It depends on what we mean by "greatest" foe.
By most standards, the Joker is considered Batman's greatest foe, because he's definitely Batman's arch nemesis and the villain who returns most often to cause Batman the greatest overall amount of trouble. He also has caused a body count into the thousands, which Batman blames himself for (because he won't kill the Joker), and among those he's harmed are people very close to Batman (he tortured Commissioner Jim Gordon, he shot and crippled Gordon's daughter, Barbara "Batgirl" Gordon, and he murdered Jason "Robin" Todd by beating him with a crowbar and blowing him up).
By being so unpredictable and having a personality that changes constantly (sometimes methodical in his plans, sometimes chaotic and random, other times playful and not homicidal, etc), he is one of the hardest foes for Batman to stop, too. And he is the villain who has the strongest personal connection to Batman in an emotional way, considering himself Batman's greatest foe and their conflict to be the defining one of Batman's mission.
However, there are other ways to consider "greatest," and as the question notes, Ra's al Ghul is one of the greatest Batman villains and perhaps the one whose plots are the most difficult for Batman to stop. Ra's is also one of the few villains who is nearly equal to Batman physically and mentally, and might be the villain for whom Batman has the closest thing to "respect." Ra's is, in some ways, like a dark mirror image of Batman.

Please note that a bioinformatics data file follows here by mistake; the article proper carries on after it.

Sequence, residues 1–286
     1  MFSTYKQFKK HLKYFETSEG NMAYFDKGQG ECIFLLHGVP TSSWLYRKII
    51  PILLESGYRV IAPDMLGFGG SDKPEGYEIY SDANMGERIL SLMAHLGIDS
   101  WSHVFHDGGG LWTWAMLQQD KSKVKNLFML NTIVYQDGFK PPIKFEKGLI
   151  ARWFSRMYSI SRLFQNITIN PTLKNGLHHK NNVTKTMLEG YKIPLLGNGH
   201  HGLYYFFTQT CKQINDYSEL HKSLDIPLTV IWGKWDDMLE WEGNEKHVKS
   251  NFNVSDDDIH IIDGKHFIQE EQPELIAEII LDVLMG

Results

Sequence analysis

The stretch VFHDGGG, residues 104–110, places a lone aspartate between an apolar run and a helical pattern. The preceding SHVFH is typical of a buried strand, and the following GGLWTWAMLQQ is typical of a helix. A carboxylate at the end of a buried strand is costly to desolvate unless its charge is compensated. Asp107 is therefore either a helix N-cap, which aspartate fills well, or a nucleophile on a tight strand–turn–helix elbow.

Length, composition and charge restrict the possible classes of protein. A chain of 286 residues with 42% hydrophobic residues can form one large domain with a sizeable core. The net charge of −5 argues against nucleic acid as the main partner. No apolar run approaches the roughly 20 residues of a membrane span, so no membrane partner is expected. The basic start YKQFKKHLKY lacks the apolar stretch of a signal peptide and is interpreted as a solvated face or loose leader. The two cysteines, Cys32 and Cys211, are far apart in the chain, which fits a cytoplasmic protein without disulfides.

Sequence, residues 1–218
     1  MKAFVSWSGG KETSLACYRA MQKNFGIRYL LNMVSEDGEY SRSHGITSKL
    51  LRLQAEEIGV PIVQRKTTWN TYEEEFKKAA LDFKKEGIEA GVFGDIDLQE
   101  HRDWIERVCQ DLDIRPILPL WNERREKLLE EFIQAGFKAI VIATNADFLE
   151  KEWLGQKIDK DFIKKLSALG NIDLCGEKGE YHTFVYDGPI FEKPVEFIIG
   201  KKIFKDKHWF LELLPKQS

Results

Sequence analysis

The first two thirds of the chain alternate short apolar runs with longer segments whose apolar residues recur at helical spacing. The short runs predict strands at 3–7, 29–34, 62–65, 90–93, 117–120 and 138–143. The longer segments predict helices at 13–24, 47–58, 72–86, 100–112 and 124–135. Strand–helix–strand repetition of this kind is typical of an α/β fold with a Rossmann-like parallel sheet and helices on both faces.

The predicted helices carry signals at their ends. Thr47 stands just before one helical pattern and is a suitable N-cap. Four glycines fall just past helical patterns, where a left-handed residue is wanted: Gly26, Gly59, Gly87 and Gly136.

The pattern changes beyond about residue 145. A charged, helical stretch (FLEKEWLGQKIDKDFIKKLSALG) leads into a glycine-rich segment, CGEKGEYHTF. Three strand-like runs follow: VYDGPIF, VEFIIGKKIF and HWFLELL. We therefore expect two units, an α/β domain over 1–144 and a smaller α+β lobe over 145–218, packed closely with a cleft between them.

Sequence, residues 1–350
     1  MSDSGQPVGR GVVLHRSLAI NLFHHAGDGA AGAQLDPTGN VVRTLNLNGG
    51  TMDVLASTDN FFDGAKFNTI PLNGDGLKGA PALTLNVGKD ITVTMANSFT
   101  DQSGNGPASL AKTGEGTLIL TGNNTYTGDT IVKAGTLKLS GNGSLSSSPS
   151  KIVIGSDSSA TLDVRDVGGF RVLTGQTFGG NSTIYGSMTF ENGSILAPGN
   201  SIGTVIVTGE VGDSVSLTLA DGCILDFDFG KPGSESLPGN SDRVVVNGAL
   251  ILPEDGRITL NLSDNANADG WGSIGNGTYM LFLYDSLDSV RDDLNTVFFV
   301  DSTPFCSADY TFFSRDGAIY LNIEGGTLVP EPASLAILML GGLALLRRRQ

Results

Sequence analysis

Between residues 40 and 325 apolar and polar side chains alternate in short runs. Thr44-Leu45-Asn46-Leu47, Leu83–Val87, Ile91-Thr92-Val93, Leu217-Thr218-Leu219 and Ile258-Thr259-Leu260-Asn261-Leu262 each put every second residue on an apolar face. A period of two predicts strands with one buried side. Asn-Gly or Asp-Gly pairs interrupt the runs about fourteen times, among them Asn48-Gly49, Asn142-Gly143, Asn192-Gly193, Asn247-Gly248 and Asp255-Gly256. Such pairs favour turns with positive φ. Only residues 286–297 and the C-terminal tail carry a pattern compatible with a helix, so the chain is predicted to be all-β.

Batman also has a very special connection to Ra's, because he once loved and married Talia al Ghul, the daughter of Ra's, and Batman is the father of Talia's son Damian. So Ra's, then, could make a case that he trumps the Joker as the largest scale threat who consistently presents the biggest challenge to Batman on the most levels.
I'm personally a big fan of Doctor Hugo Strange, who was introduced in Batman's tenth appearance. Strange appeared before almost all other of Batman's recurring villains -- only Doctor Death appeared earlier as a villain who would show up in future stories. Over the decades, Strange developed into one of Batman's most powerful enemies, deducing Batman's identity and essentially destroying Batman's personal life as Bruce Wayne before defeating Batman and taking Batman's place.